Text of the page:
As widely reported, Amazon has removed all Macmillan titles from its site. This means that you won’t be able to buy new print or digital books from Paul Auster, John Scalzi, Richard Powers, or countless other authors bundled inside Macmillan’s many imprints through the Amazon website. The dispute, according to Macmillan CEO John Sargent, arose from a Thursday meeting Sargent had with Amazon, in which Sargent proposed new terms of sale for eBooks. Sargent desired to set the price for eBooks on an individual basis and under an agency model, sidestepping the austere $9.99 price point that Amazon has long insisted on for its Kindle titles. It is safe to say that Amazon, feeling particularly smug after reporting a profitable fourth quarter, felt compelled to not only have its cake and eat it too, but to throw numerous books beneath its oily guillotine. By the time Sargent returned to New York on Friday afternoon, the buy option for Macmillan’s books — both print and digital — had disappeared from Amazon’s website. Bookstores have often refused to stock individual titles. (In 2004, Amazon.co.uk refused to carry Craig Unger’s House of Bush, House of Saud.) But it’s important to understand that not a single bookstore chain has ever discriminated against a publisher like this before. It’s also important to understand that the laws of vertical integration — most famously ruled on through United States v. Paramount Pictures, Inc., in which motion picture studios, who produced the movies and owned the theaters that they played in, were ordered to break up their monopolies — don’t necessarily apply. Amazon may not be owned by the publishers, but there are some indicators that the company controls 90% of the eBook market, effectively securing a monopoly. While Sargent’s statement is the only real word that has emerged from this conflict (Amazon has remained mum), Amazon’s lack of transparency about the sudden removal of Macmillan books, as Michael Orthofer severely understates, is unacceptable, possibly violating federal price discrimination statutes that were guaranteed under the 1936 Robinson-Patnam Act. And it remains to be seen whether the Federal Trade Commission, which has recently devoted its resources to badgering bloggers, will investigate these troubling developments to determine if its creaky howitzers might be rolled out to combat this greater greed. But these developments have caused some authors, viewing Amazon’s aggressive pricing as a grave threat to their livelihood, to take umbrage. John Scalzi writes, “If Amazon is willing to play chicken with my economic well-being — and the economic well-being of many of my friends — to lock up its little corner of the eBook field, well, that’s its call to make. But, you know what, I remember people who are happy to trample my ass into the dirt as they’re rushing to grab at cash.” Charles Stross writes, “Amazon, in declaring war on Macmillan in this underhand way, have screwed me, and I tend to take that personally, because they didn’t need to do that.” UPDATE: I’ve just received word that the Amazon Kindle Team has addressed the situation in a forum, stating that “we will have to capitulate and accept Macmillan’s terms because Macmillan has a monopoly over their own titles, and we will want to offer them to you even at prices we believe are needlessly high for e-books.” Significant Tweets for 2010-01-31 Powered by Twitter Tools winter Noting > The Comic Book of Thoth This month, I began writing a series of articles for Hilobrow, one of my favorite websites for cultural commentary. I began with a look back at the Rider-Waite (or Rider-Waite-Smith) Tarot deck… pavilion.net [Image: Pole Dance, P.S. 1 competition-winning design by SO-IL]. I have to admit to being less than overwhelmed by the annual P.S. 1 competition—aka the Young Architects Program—as well as by the annual Serpentine Pavilion in London, but this year’s P.S. 1 winner, by Brooklyn-based SO-IL, looks pretty amazing. [Image: Pole Dance, P.S. 1 competition-winning design by SO-IL]. Although it will be nothing but a sea of bungee-anchored soccer nets and wobbly fiber-glass poles—with some colored balls thrown overhead as mobile ornaments—the structure has the feel of being the framework for an emerging game, an obscure sport whose spatial rules are yet to be determined. As the architects themselves explain in their initial proposal, “On discovery of its elasticity, visitors engage with the structure, to envision games, test its limits or just watch it gently dance.” [Images: Pole Dance by SO-IL]. Put another way, if Yona Friedman were to become president of FIFA, perhaps this would be the weird new playing field he might develop. [Image: Pole Dance by SO-IL]. The view from the street, of tall poles gently swaying amidst nets, will also be interesting to see. While you’re on SO-IL‘s website, check out their proposal Party Wall, as well as their well-weathered documentation of a garden shed in Belgium. Escoffier renamed it Sauce Blo… Escoffier renamed it Sauce Blonde after World War I. Week of Links 1/31 iPad…as family computer, as return to long form journalism, as taking over the textbook market, also entirely locked down, not a big iPhonefor old people….because it appeals to just about anyone. How to give a presention like Steve Jobs (no bulletpoints.) Jobs the auteur. Apple-free Engadget. Kim Morgan makes me want to see every movie she likes. Stag Heads With Human Faces. CD-Rom all over again. Caleb Crain on book pirates…and I’ve been thinking about this all week. The digital trashcan (a “boomeranged metaphor.”) Stefan Zweig is middlebrow. What’s next for Roger Hodge? Is Indie dead? Hilo microfiction contest. Interactive theater in Boston. Weekly World News on Google Books. Nick Denton’s blogs from minor to major league. At Sundance, New Routes to Finding an Audience. Globe Ideas on “cognitive fluency.” “I want the luxury of being able to push the pause button” – Douglas Rushkoff. Heather Havrikesky reviews his Frontline show “Digital Nation.” Ian Buruma on China/Google at WSJ on “Battling the Information Barbarians.” “Pay close attention to the most tedious thing you can find (Tax Returns, Televised Golf) and, in waves, a boredom like you’ve never known will wash over you and just about kill you. Ride these out, and it’s like stepping from black and white into color. Like water after days in the desert. Instant bliss in every atom.” – DFW. “The Internet is thrusting death upon me at a rate I’m not entirely equipped to deal with.” Boston is the “most challenging” large city to navigate in the United States. And congratulations Robin Sloan! R.I.P. Howard Zinn and J.D. Salinger I’m worried that all that’s going to be left of this blog is a running obituary, but both were great and deserve tribute. Below, a video of The People’s History of American Empire: And a fitting Salinger tribute you’ve probably already read at The Onion. Photo Help fun SketchyCon: The International Conference of Dr. Sketchy’s Organizers Wish List: Vintage Accutron “Astronaut” Watch The coolest watch ever? If you happen to have one you’re not using, please consider donating it to Significant Objects. *** This is the second in an irregular series of posts aimed at raising awareness, among the Significant Objects readership, of the project curators’ wants and needs. Hain-Matsumoto, “Galois actions on fundamental groups of curves…” I recently had occasion to spend some time with Richard Hain and Makoto Matsumoto’s 2005 paper “Galois actions on fundamental groups and the cycle C – C^-,” which I’d always meant to delve into. It’s really beautiful! I cannot say I’ve really delved — maybe something more like scratched — but I wanted to share some very interesting things I learned. Serre proved long ago that the image of the l-adic Galois representation on an elliptic curve E/Q is open in GL_2(Z_l), so long as E doesn’t have CM. This is a geometric condition on E, which is to say it only depends on the basechange of E to an algebraic closure of Q, or even to C. What’s the analogue for higher genus curves X? You might start by asking about the image of the Galois representation G_Q -> GSp_2g(Z_l) attached to the Tate module of the Jacobian of X. This image lands in GSp_{2g}(Z_l). Just as with elliptic curves, any extra endomorphisms of Jac(X) may force the image to be much smaller than GSp_{2g}(Z_l). But the question of whether the image of rho must be open in GSp_2g(Z_l) whenever no “obvious” geometric obstruction forbids it is difficult, and still not completely understood. (I believe it’s still unknown when g is a multiple of 4…?) One thing we do know in general, though, is that when X is the generic curve of genus g (that is, the universal curve over the function field Q(M_g) of M_g) the resulting representation $\rho^{univ}: G_{Q(M_g)} \rightarrow GSp_{2g}(\mathbf{Z}_\ell)$ is surjective. Hain and Matsumoto generalize in a different direction. When X is a curve of genus greater than 1 over a field K, the Galois group of K acts on more than just the Tate modules (or l-adic H_1) of X; it acts on the whole pro-l geometric fundamental group of X, which we denote pi. So we get a morphism $\rho_{X/K}: G_K \rightarrow Aut(\pi)$ What does it mean to ask this representation to have “big image”? Well, just as in the Tate module story above, we can ask about the image of rho when K is the function field of M_g and X is the universal curve. Denote the image of this Galois representation in Out(pi) by G. Then you might ask: for a curve X over a number field K, can we give a condition guaranteeing that the image of rho_{X/K} is open in G? The theorem of Hain and Matsumoto doesn’t quite answer that question, but it makes an impressive stride in its direction. For each positive integer m, let L_m be the mth term of the lower central series of pi (so that L^2 = [pi,pi], L^3 =[pi,[pi,pi]] and so on.) Let G_m be the image of G in Out(pi/L^{m+1}). So G_1, for instance, is just GSp_{2g}(Z_l). Now you can ask the following “big image” question for each m: (Q): Is the image of rho_{X/K} in Out(pi/L^{m+1}) open in G_m? Now we’ve already remarked that the question is subtle for G_1. So let’s assume that (Q) has an affirmative answer for m=1. We also take g(X) >= 3. Then Hain and Matsumoto prove: [HM, Th 9.1 a-b]: (Q) has a positive answer for m=2 if and only if it has a positive answer for all m >=2. You might think of this as a non-abelian analogue of the theorem (for which see [IV, 3.4, Lemma 3] of Serre’s book “Abelian l-adic Representations and Elliptic Curves”) that an l-adic Galois representation is surjective if and only if it is surjective mod l^k, for some k depending only on the target group. But wait, there’s more! One might ask whether, as in the case of elliptic curves, there’s a geometric condition distinguishing those X where (Q) holds from those where it doesn’t. It’s not hard to check, by the way, that (Q) isn’t always the case! Once again, extra endomorphisms can force the image of Galois can be smaller; for instance, when X is a hyperelliptic curve the image of rho_{X/K} will always be smaller than the generic image. (Did you remember I said the genus of X was at least 3…?) Now we come to the main theme of Hain and Matsumoto’s paper. Choose a basepoint x on X. Then the Abel-Jacobi map associated to X gives you an embedding of X in the abelian g-fold Jac(X). Consider the algebraic cycle Z = [X] – [-1]^*[X], where [-1] is multiplication by -1 on Jac(X). The cohomology class of Z in H^{2g-2}(J(X),Z_l(g-1)) is trivial; thus, Z has a well-defined cycle class in H^1(G_K, H^{2g-3}(J(X),Z_l(g-1)). We move this class over to H^1(G_K, H^3(J(X),Z_l(2))) by Poincare duality. Now H^3(J(X)) is just wedge^3 H^1(X), and we can put a copy of H^1(X) inside H^3(J(X)) by wedging it with the symplectic form in wedge^2 H^1(X). The quotient of H^3(J(X)) by this copy of H^1(X) is an l-adic Galois module we call V, which is pure of weight 1. We can project our cohomology class down to V to get a class nu in H^1(G_K, V), which turns out to be independent of the choice of basepoint. Now the theorem of Hain and Matsumoto says: [H-M, Th 9.2 c] (Q) has a positive answer for all m >= 2 if and only if it has a positive answer for m = 1 and the class nu has infinite order. Note that this is indeed a geometric condition — at least in the sense that if it holds after replacing K with a finite extension, it holds for K. Unlike “non-CM,” though, it’s not clear to make sense of it for a curve with transcendental moduli; just one more indication that you should really think of such an object, not as a curve, but as a family of curves over number fields, the dimension of the family being the transcendence degree of the moduli. (In this sense, maybe nu should be thought of as always infinite-order when the moduli of X are transcendental, just as an elliptic curve with transcendental j-invariant is automatically non-CM…?) I’ll leave it as an exercise to check that nu vanishes when X is hyperelliptic. One question remains: what made me go back to Hain and Matsumoto’s paper? It was the beautiful lecture series Shou-Wu Zhang gave here at Madison last month about his work on the Arakelov-theoretic properties of the Gross-Schoen cycle. And the Gross-Schoen cycle, as Hain and Matsumoto point out (Remark 1.1 d) is just three times nu! If time permits I’ll blog about his talks, too; but maybe there’s no need, since you can always read Terry Tao’s take on a similar lecture series at UCLA. My New Cover for Weird Tales Magazine I recently had the incredibly enviable task of doing the cover for Weird Tales’ Steampunk Spectacular. I did a wicked robot lady that referances several stories inside. Weird Tales rocks it, so be sure to preorder Significant fake branding Here’s yet another twist on adding an invented narrative to a seemingly low-value thingamabob: Designer Matt Brown bought a pack of 15 plastic horses for a couple of bucks. Then he dreamed up a name for each one, then packaging, reconceptualizing his two-dollar purchase as a line of toys, Night Horses, that were introduced in the late 1980s, and flopped. Hey, remember Night Horses? (No, you don't.) I love it! More recently Brown has embarked on another project, turning some toy cars into another failed product line. They’ll be retroactively rebranded as Throttle Dukes. More here. Throttle Dukes, to be. Is this more evidence of the “significant objects meme” Josh has detected? I don’t know. What I really want to know is: How can we work with this guy? He’s great! “I like taking things that are basically worthless and neglected and turning them into something that people could enjoy again,” he writes. Combine that with my longstanding interest in imaginary brands, and you can see why I’m so into it. (Via Metafilter, by the way, where Brown was referred to as a “design fiction enthusiast.”) Photo Gorey details I'm not sure what the concept is—but the jokes are pretty funny. (From Andrew) “On the Subject of Sex” At the NYTBR, Ben Macintyre reviews Christopher Andrew's history of MI5: Perhaps inevitably, in an organization relying on imagination and subterfuge, the ranks of MI5 included more than a fair share of eccentrics and fantasists. Among the most notable of these was one Maxwell Knight, whose agents successfully penetrated both Fascist and Communist networks in London. He was also a passionate naturalist who went on to become “Uncle Max,” a much loved children’s broadcaster on the BBC. Knight could often be seen taking his pet bear, Bessie, for walks around London. He published the definitive book on how to keep a domesticated gorilla. He also wrote a delightful internal MI5 memo, “On the Subject of Sex, in connection with using women as agents.” This declares: “It is difficult to imagine anything more terrifying than for an officer to become landed with a woman agent who suffers from an overdose of Sex.” (Knight consistently capitalizes “Sex,” of which he was plainly ­terrified.) Mellifluous selves At the Guardian Review, Rachel Cusk considers the apparently well-meaning question, posed to many university lecturers in creative writing, of whether writing can be taught: [W]riting, more than any other art, is indexed to the worthiness of the self because it is identified in people's minds with emotion. When a child writes a story she experiences her personal world as something socially valuable: her egotism, if you will, is configured as a force for good; by writing she makes herself important, she asserts her equality with – and becomes conterminous with – everything around her. But as she grows older this situation changes. She is no longer "good" at writing. This is partly because she sees that its representational burden has become more complex. But it is also because the nature of her own importance is no longer quite so clear. The private and the public have become uncoupled; and consequently there now appear to be two kinds of writing where before there was one. There is the private, emotional writing and there is the public, representational writing. The first is too subjective to be anything other than a secret; and the second is too daunting, too objective, to attempt. When worlds collide Lev Grossman comments on a Douglas Wolk piece. Blake effect (Via Jeff) Money, freedom, anxiety A great piece by John Lanchester at the FT on how he came to write a book about money (FT site registration required). Cockles and mussels Archeologists sift through remains to determine Elizabethan theatergoers' snack preferences: The preferred snacks for Tudor theatre-goers appear to have been oysters, crabs, cockles, mussels, periwinkles and whelks, as well as walnuts, hazelnuts, raisins, plums, cherries, dried figs and peaches. Some clues even suggest that 16th-century fans of William Shakespeare and Christopher Marlowe also ploughed through vast quantities of elderberry and blackberry pie – and some may even have snacked on sturgeon steaks. Bonus link: a nice WNYC piece about Tino's Guggenheim exhibit - I did a shift this afternoon, it was quite tiring but also very enjoyable... Three specially famous lady aerialistic stars Hubba hubba. aerialist #3 From 1890. I think I’m doing this series of posts on images of trapeze artists/ tightrope walkers because the word “aerialist” is so cool. aerialist #2 Aerialist wearing wings strapped to his shoulders and feet while suspended from a balloon Between 1870 and 1900 aerialist Aerial daredevils existed in the age of ballooning, as well as the age of powered flight. One assumes this woman was a circus performer who got swept up in the ballooning mania. The image itself has a surprisingly dreamlike quality, which is at odds with its inherent horror. a strong beat to step to It's hard to post something without spilling the beans when there are beans to be spilled. But the good news is that I've joined the team over at Time's Techland blog--I'll be writing about comics for them! My first piece for them just went up today: it's on "Wizzywig" and "Footnotes in Gaza." Other recent links with my name attached to them: I wrote about Rakim for Hilobrow, Binky Brown Meets the Holy Virgin Mary for Barnes & Noble, Siege for the Savage Critic, and a bunch of stuff for eMusic, like this piece on Loveless and its antecedents. Also, I'll be in this book, and maybe another one...! At some point, I plan to develop an interior life, too. My new year's resolution of drinking three glasses of wine a week (this represents a drastic increase, not a decrease) might help with that, I'm thinking. a strong beat to step to It's hard to post something without spilling the beans when there are beans to be spilled. But the good news is that I've joined the team over at Time's Techland blog--I'll be writing about comics for them! My first piece for them just went up today: it's on "Wizzywig" and "Footnotes in Gaza." Other recent links with my name attached to them: I wrote about Rakim for Hilobrow, Binky Brown Meets the Holy Virgin Mary for Barnes & Noble, Siege for the Savage Critic, and a bunch of stuff for eMusic, like this piece on Loveless and its antecedents. Also, I'll be in this book, and maybe another one...! At some point, I plan to develop an interior life, too. My new year's resolution of drinking three glasses of wine a week (this represents a drastic increase, not a decrease) might help with that, I'm thinking. a strong beat to step to It's hard to post something without spilling the beans when there are beans to be spilled. But the good news is that I've joined the team over at Time's Techland blog--I'll be writing about comics for them! My first piece for them just went up today: it's on "Wizzywig" and "Footnotes in Gaza." Other recent links with my name attached to them: I wrote about Rakim for Hilobrow, Binky Brown Meets the Holy Virgin Mary for Barnes & Noble, Siege for the Savage Critic, and a bunch of stuff for eMusic, like this piece on Loveless and its antecedents. Also, I'll be in this book, and maybe another one...! At some point, I plan to develop an interior life, too. My new year's resolution of drinking three glasses of wine a week (this represents a drastic increase, not a decrease) might help with that, I'm thinking. Newburgh??? Oh man, if the rumors are true, and KSM is tried in Newburgh (across the river from me), I will LIVE-BLOG THE SHIT OUT OF IT. That’s my word. Digital Nation – my new documentary – Tuesday 2/2 on PBS Digital Nation – a PBS Frontline documentary I’ve been working on for, gosh, two years now – is finally airing this coming Tuesday evening, Feb 2, at 9pm on pretty much all PBS stations in US. (I know: that’s during the Lost premiere that even Obama feared going up against. But you can Tivo Lost, watch us live, and watch Lost after without the commercials.) For those of you outside the viewing area or without TV’s, you can watch the whole thing anytime from broadcast onwards by going to http://pbsdigitalnation.org Meanwhile, I’m happy to announce that Frontline has agreed to let me host a series of Roundtable discussions following the broadcast. One per month, with invited guests and running commentary from you. (I’m shooting for something like the Talmudic format Steven Johnson used for Feed magazine – still the best threaded dialogues I can remember happening online between a central conversation and the general public. With any luck, these Roundtables will be the next main thing I’m doing – and I really do need quality conversation to happen there to keep it alive. The above clip – Patrick Stewart on Twitter, the iPhone, and his passion for gaming – is not in the show. But it is an example of the kind of conversations and guests we’ll be having in the Roundtables – both by text and video. So please, come to pbsdigitalnation.org after the show and share your thoughts with the people who were in it, see the discussion in progress, and push the participants to go deeper. Most important, suggest topics and guests – including yourself – you’d like to see on there. The Supreme Court’s campaign-finance decision: how big a deal? Heather Gerken, of Yale Law School, argues that critics of the Supreme Court’s recent campaign-finance decision may be exaggerating its practical effects. The truth, she says, is that the court had already largely stripped away the restrictions that reformers had championed. The Bat Segundo Show: Sue Grafton Sue Grafton recently appeared on The Bat Segundo Show #320. Grafton is most recently the author of U is for Undertow. Condition of Mr. Segundo: Looking for a man named Snake to help him escape from Santa Teresa. Author: Sue Grafton Subjects Discussed: Kinsey Millhone’s early announcement to the readers regarding the bad guys, foreshadowing murder, not writing the same book twice, the ethics of investigation, the emotions associated with kidnapped children, Jaycee Dugard, Scott Smith’s A Simple Plan, gray areas of moral conduct, the difficulties reconciling real crime and fictional crime, the horror of people killing each other over a pair of tennis shoes, Grafton’s comfort level, working from an arsenal of journals, juggling voices and large character canvases, the writer’s fantasy of having the luxury of time, the solace of observing creative struggle in past books, being influenced by the complaints of a single reader, the motivation behind creating a mystery writer character, Howard Unruh and Grafton’s “Unruh,” why Grafton wishes to take the alphabet series to Z, Grafton’s reluctance to embrace Hollywood and Grafton’s early career as a screenwriter, Nabokov’s The Original of Laura, and Grafton’s relationship with readers and the mystery community. EXCERPT FROM SHOW: Grafton: I don’t like to repel readers. I mean, we’re always dealing with homicide and violence of this sort, which is difficult enough. I don’t want to rub that in my reader’s face. Correspondent: So it’s like, on the one hand, with this crime, you wanted to keep it off stage so that the gory details didn’t come front and center. Grafton: Right. Correspondent: But in other instances, like what we just talked about, you like to foreshadow and give the reader a taste of what’s going on. Do you feel these are contradictory impulses? Grafton: I don’t know. If they are contradictory, I hope it’s an interesting contradiction. In some ways, in the reports you get about the crime itself from another child who is involved, by hook or by crook, nothing evil happens. And I hope I’ve gained a little sense. This is a story about people who make mistakes, people who use poor judgment. It is not the act of wicked evil men. These are kids who do something stupid and it backfires. Correspondent: But in a way, at least when I was reading you, it almost struck me as being more horrible — not to get into Hannah Arendt’s banality of evil, but that’s essentially what you set up here. These people are sucked into the situation by virtue of their own stupidity. Their drug use, who they hang out with. And it almost feels — have you read A Simple Plan by Scott Smith? Grafton: No. Correspondent: It was made into a movie with Billy Bob Thornton and the like. But it’s a similar thing, where you start off with one guy and he does one act, and then another action. And you suddenly realize you’re drawn into a world as he’s doing really horrible things. And there’s a justification for everything. And I really did find that you did establish that there’s a weird little justification for how things developed. And even though these are horrible crimes, there’s some underlying motivation. This goes back to structure and the like. What did you know about you prior to setting it all down? And I do want to get into the writing process a bit. But what did you know first off? Grafton: Well, part of what I feel I’m doing here is — and some of this I discover after the fact. I think of this as the anatomy of a crime. This is that strange subterranean accumulation of events that results in a crime. And I thought it was interesting to look at it from that perspective. One thing I’m fascinated by, at this pace in my career, is gray areas. Black and white and evil, while repellent, are not as representative of the public at large. Many people, I think, cross the line. That’s always a question to me. What makes people cross the line? Most people are law-abiding, good-natured, and yet circumstances. You know, I think many criminals are not evil people. They’re not pathologically twisted. Many ordinary folk somehow wander from the straight and narrow. And those kinds of deviations, and those kinds of crimes, are interesting to me. Because they’re a little closer to the norm. They are still outside what I consider acceptable behavior. But it’s not as cut and dried as many types of crime might be. The Bat Segundo Show #320 (Download MP3) This text will be replaced Globe Paperweight Object No. 40 of 50 — Significant Objects v2 [Bid on this Significant Object, with hand-written story by Debbie Millman, here. Significant Objects will donate the proceeds of this auction to 826 National.] The Mystery Object Revealed! Story-As-Object To Follow Congratulations to Paula Newman, for scoring The Mystery Object with Story By Ben Greenman, with a$103.50 bid! The auction’s final 30 seconds were pretty exciting.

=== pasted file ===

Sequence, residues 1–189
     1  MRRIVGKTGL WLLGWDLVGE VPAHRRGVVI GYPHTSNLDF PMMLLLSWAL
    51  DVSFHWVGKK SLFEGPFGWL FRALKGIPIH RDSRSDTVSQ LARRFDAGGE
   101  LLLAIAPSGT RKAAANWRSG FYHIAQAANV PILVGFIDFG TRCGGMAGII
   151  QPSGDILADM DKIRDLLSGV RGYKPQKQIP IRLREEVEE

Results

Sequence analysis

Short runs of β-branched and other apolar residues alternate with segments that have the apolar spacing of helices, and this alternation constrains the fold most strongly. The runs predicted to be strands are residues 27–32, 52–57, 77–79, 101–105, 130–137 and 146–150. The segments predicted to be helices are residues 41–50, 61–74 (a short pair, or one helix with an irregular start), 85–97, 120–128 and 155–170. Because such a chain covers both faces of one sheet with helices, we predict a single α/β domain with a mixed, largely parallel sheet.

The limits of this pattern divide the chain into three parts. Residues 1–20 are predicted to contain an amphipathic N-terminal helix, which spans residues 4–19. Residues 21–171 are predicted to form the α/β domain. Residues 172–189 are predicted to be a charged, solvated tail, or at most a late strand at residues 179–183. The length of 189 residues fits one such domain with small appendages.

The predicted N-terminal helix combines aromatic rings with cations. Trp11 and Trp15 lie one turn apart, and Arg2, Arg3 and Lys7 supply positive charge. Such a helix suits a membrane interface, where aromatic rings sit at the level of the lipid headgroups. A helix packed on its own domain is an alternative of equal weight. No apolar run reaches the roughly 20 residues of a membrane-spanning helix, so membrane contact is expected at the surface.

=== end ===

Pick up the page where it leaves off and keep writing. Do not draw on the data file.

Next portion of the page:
So what is it? The answer below the fold, as they say.